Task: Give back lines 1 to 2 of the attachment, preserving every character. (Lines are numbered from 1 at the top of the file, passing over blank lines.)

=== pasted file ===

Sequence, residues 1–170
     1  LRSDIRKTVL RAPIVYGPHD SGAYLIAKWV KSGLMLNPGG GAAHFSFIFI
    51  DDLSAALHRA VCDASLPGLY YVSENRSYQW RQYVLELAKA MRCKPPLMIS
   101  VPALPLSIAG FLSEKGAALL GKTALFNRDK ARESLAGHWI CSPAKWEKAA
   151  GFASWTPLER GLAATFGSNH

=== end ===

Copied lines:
Sequence, residues 1–170
     1  LRSDIRKTVL RAPIVYGPHD SGAYLIAKWV KSGLMLNPGG GAAHFSFIFI